Vulnerable countries face 3 times the risk of COVID-19 exposure, yet have 6 times lower access to healthcare services


CARE’s analysis of INFORM Global Risk Index data has found that the world’s ‘highest risk’ countries have three times higher exposure to epidemics, such as COVID-19, but also have a six times higher risk in terms of their access to healthcare compared to the world’s lowest risk countries. Somalia, Central African Republic, South Sudan, Yemen, Afghanistan, Chad, Syria, the Democratic Republic of Congo, Iraq, Ethiopia, Nigeria, Sudan, Niger, Haiti and Uganda are all considered ‘Very High Risk’ by INFORM and are amongst the countries with the weakest capacity to cope with the added stress of a pandemic such as COVID-19.
“While even wealthy and better prepared nations are struggling to cope at this time, the impact on the countries highlighted in this analysis shows how people living in insecure environments, with extremely weak health infrastructure, are going to be far worse off. Countries such as South Sudan and Syria are in the midst of conflict. Many countries on this list are already food insecure, with large parts of their populations reliant on international aid for survival. Add on COVID-19 and it is not only national health systems that will struggle to cope, but the entire infrastructure and basic services. This is a truly terrifying thought for all of us working in the humanitarian sector,” says Sally Austin, CARE International’s Head of Emergency Operations.
As Tue Jakobsen CARE Turkey’s, Assistant Country Director – Humanitarian notes “in Northwest Syria, there is no functioning government and the health system has been destroyed over the past nine years. Hundreds of thousands of people are not able to do basic preventative measure, such as wash their hands. With no testing capacity, it is highly likely that the virus has been spreading around without our knowledge, so we might be weeks behind in our response. An outbreak will cause mayhem in an area that has already gone through so much suffering. We are currently at a stage where only around 900 testing kits have been made available this week in Idlib and there is only one lab that can that can handle about 20 tests per day. Since this is a global crisis, countries are prioritizing their own responses and Syria has been completely neglected. There is an urgent need to scale up the health response and increase health supplies going into Northwest Syria.”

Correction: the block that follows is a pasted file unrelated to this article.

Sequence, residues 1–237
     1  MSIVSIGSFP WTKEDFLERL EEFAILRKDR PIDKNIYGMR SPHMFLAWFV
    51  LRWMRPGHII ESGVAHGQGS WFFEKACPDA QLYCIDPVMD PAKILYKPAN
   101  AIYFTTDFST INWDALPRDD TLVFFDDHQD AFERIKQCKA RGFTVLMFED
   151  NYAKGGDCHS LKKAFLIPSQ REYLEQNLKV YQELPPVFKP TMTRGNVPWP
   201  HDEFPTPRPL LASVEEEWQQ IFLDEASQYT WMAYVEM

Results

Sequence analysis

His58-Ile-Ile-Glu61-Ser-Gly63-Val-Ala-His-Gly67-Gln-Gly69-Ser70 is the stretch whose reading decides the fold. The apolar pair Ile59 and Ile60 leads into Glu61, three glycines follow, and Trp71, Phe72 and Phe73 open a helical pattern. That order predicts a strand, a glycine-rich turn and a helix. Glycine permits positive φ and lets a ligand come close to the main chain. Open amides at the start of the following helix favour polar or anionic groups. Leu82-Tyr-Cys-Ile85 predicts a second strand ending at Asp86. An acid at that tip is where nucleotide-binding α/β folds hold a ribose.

On top of poor access to healthcare these countries also face the highest levels of food insecurity, displacement and socio-economic inequality. All of which increase they vulnerability to COVID-19 and the likely levels of devastation the virus will have in a given country.
CARE’s analysis found that in comparison to the 36 ‘very low risk’ countries, including Norway, UK and New Zealand, the 14 most vulnerable and ‘very high risk’ countries are at over 4 times (336%) higher risk of food insecurity, almost 9 times (756%) higher risk of socioeconomic vulnerability, and over three times more likely to be providing refuge for displaced and uprooted people (210% greater risk level)
“This data shows a stark and chilling picture of what we can expect as we start to see the COVID-19 pandemic spread to many Asian, Africa and Middle Eastern countries. In order to try and best prepare, at CARE, where possible, we are scaling up our activities to ensure that clear guidance on risk, prevention and awareness of symptoms are available in the communities where we work. We are scaling up water supply activities to facilitate good personal and household hygiene,” Austin said.
“But this alone is clearly not enough. We need strong commitments from all national Governments to immediately respect the global cease fire called for by the UN Secretary General earlier this week and we need to ensure humanitarians are seen as essential workers and supported to have unimpeded access to continue to deliver lifesaving assistance to already highly vulnerable communities. We also call on all major donors to show solidarity and contribute to the global appeal that was launched on 25th March,” says Austin.
Austin adds “if coronavirus has shown us one thing it is that we are all in this together. The sense of community this pandemic has created is truly heart-warming. We are asking people to go one step further and not just care for their local communities, but also to think about their global community, and those likely to be affected even worse.”